I have read the lengthy judgment of the learned trial Judge. The plaintiff in the earlier case (Exhibit “A”) is in no way related to any of the parties in the present proceedings except that the defendant in the said case is a member of the family of the present plaintiffs. There is also no proof that the same parcel of land is being litigated upon in the present proceedings. Even though the objection to the admissibility of Exhibit “A” was overruled, the learned trial Judge accepted the contention of the defendants’ counsel that the land the subject-matter of Exhibit “A” is not the same as the parcel of land the subject of the present proceedings.
I am unable to hold that the decision in Suit No. PHC/183/72 (Exhibit “A”) affected the trial Judge’s determination of the present proceedings as to lead to the conclusion that he made up his mind in advance and was unlikely to approach the present case with an open mind as to raise the question of real likelihood of bias on his part.
Dealing with this issue the court below found as follows:
“However, as has been pointed out earlier, neither the parties nor the subject matter Exhibit “A” is the same as in the present case. The mere fact that the name of the subject matter in the two cases is Nomabon and adjoining lands is of no consequence: Adomba v. Odiese (1990) 1 NWLR (Pt.125) p. 165 at 180. A party cannot be allowed to set up a different case in each of the hierarchy of courts: Abaye v. Ofai (1986) 1 NWLR (Pt.15) 134; Attorney-General of Anambra State v. Onuselogu Enter. Ltd. (1987) 4 NWLR (Pt.66) 547; (1987) 9-11 SC. 197 at 202. The appellants’ case in the court below was that the subject matter and the parties in Exhibit A were not the same as those in the present case. They cannot on appeal adopt a stance giving the impression that the subject matter is the same.
From the facts of the case, it is my considered view that there is not sufficient material to sustain the allegation of likelihood of bias on the part of the learned trial Judge in hearing this case.”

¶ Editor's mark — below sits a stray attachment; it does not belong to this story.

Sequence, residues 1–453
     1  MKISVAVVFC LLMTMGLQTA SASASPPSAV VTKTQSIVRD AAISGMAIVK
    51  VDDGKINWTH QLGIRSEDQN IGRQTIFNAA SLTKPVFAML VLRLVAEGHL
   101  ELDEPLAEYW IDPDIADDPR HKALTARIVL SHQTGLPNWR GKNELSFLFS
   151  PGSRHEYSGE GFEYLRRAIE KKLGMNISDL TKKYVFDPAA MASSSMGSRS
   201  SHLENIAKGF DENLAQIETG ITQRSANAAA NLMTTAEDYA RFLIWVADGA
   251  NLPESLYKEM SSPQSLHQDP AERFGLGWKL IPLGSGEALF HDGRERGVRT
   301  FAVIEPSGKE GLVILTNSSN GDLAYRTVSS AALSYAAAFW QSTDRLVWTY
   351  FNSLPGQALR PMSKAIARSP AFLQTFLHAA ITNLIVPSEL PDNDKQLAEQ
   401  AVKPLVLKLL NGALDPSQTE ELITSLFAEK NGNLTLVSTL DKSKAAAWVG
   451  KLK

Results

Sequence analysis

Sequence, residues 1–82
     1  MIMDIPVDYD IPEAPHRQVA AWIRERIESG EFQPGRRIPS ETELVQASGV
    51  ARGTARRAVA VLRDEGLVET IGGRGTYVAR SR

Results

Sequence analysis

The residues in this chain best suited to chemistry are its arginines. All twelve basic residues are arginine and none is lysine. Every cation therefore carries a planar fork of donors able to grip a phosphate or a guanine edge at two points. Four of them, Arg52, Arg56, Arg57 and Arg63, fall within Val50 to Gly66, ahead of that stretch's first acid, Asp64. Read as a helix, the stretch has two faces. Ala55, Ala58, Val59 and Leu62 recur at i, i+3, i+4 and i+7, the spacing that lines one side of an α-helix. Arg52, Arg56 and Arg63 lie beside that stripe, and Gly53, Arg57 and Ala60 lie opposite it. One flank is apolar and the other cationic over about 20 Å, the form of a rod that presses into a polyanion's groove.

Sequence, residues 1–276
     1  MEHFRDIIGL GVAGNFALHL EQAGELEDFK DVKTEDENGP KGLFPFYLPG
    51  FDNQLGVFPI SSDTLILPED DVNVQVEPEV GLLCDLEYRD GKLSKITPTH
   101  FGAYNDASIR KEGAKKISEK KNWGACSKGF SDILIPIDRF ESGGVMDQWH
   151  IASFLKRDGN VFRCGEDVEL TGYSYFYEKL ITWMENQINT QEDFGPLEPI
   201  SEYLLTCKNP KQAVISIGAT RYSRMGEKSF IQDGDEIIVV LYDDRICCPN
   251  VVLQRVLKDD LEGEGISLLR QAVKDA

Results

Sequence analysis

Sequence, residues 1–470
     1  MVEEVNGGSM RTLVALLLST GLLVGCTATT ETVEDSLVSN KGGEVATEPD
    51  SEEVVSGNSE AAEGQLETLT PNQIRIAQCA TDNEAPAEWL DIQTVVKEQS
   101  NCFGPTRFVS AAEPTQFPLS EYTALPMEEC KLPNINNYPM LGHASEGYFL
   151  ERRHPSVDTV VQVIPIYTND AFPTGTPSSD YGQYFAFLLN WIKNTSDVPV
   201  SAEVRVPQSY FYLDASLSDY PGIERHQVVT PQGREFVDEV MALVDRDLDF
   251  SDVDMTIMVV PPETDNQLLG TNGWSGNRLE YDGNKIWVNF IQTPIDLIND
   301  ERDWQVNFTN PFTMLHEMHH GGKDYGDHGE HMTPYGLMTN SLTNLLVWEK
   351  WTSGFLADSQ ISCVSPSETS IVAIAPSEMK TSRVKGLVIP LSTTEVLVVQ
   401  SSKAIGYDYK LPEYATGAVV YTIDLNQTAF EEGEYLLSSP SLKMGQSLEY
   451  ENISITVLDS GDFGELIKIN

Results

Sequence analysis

I do not see how the decision of the trial Judge in Suit No. PHC/183172 (Exhibit “A”) affected his judgment in the present proceedings as to lead to the conclusion that he made up his mind in advance and was unlikely to approach the present case with an open mind as to raise the issue of real likelihood of bias on his part. Some of the cases decided on the issue of impartiality in the adjudicatory process are: Deduwa v.Okorodudu (supra); Obadara & Ors. v. President, Ibadan West District Grade B” Customary Court (1964) 1 All NLR 336 at 344; Kujore & Ors. v. Otubanjo (1974) 10 SC 173; Metropolitan Properties Co. (FSC) Ltd. v. Lannon (1969) 1 Q.B. 577; Re Cayman Islands Public Service Co. Ltd. (1967) 11 WLR 262 (This is a West Indian case); and L.P.D.C. v. Gani Fawehinmi (supra). The guiding principles are expounded in these cases.
In Kujore’s case, the sole President of a Customary Court who sat over a land dispute was alleged to be legal adviser to one of the parties to the dispute. When the matter of his association with the party was raised at the commencement of the trial, the learned President maintained his peace. The question for this court to decide when the case came on appeal was whether from the material available, the inference can and should be drawn that there is real likelihood of bias on the part of the learned President. Of course, this court held that the absence of immediate retort from the learned President at the time of the allegation, which he must have known to be true, a reasonable person making such a factual complaint would conclude that the learned President was bent on hearing the case in spite of the allegation and that no further proof of likelihood of bias was necessary.
In the present proceedings there was not the slightest complaint of any likelihood of bias on the part of the trial Judge throughout the proceedings. It was also submitted in the plaintiffs’ brief that the defendants waived their right to object at the first opportunity. On the question of waiver, the court below after referring to the principle of waiver as restated by this court in Enigwe v. Akaigwe (1992) 2 NWLR (Pt.225) 505 at 535 concluded as follows:
“By force of the above authority, it does appear to me that the appellants cannot be regarded as having completely waived their right to complain about breach of right to fair hearing arising from the disqualification of the learned trial Judge to hear the present case if indeed there was sufficient material to that effect.. From the facts of the case, it is my considered view that there is not sufficient material to sustain the allegation of likelihood of bias on the part of the learned trial Judge in hearing the case.”
I agree with the above views of the court on waiver. It is of fundamental importance that justice should both be done and be manifestly seen to be done. See Metropolitan Properties Ltd. v. Lannon (1968) 3 All E.R. 304. At page 310, Denning, M.R. stated the principles of fair hearing thus: